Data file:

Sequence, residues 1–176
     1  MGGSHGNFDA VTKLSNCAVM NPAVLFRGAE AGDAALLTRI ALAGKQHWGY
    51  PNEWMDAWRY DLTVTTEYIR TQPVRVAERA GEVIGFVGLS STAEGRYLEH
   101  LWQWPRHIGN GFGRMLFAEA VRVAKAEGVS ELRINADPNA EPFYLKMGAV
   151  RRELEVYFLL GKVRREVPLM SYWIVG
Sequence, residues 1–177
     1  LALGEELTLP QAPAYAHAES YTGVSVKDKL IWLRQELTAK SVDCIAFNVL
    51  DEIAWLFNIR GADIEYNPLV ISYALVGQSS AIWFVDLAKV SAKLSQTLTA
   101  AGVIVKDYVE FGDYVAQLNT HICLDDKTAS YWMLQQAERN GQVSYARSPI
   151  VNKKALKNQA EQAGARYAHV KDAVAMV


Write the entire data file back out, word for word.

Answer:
Sequence, residues 1–176
     1  MGGSHGNFDA VTKLSNCAVM NPAVLFRGAE AGDAALLTRI ALAGKQHWGY
    51  PNEWMDAWRY DLTVTTEYIR TQPVRVAERA GEVIGFVGLS STAEGRYLEH
   101  LWQWPRHIGN GFGRMLFAEA VRVAKAEGVS ELRINADPNA EPFYLKMGAV
   151  RRELEVYFLL GKVRREVPLM SYWIVG
Sequence, residues 1–177
     1  LALGEELTLP QAPAYAHAES YTGVSVKDKL IWLRQELTAK SVDCIAFNVL
    51  DEIAWLFNIR GADIEYNPLV ISYALVGQSS AIWFVDLAKV SAKLSQTLTA
   101  AGVIVKDYVE FGDYVAQLNT HICLDDKTAS YWMLQQAERN GQVSYARSPI
   151  VNKKALKNQA EQAGARYAHV KDAVAMV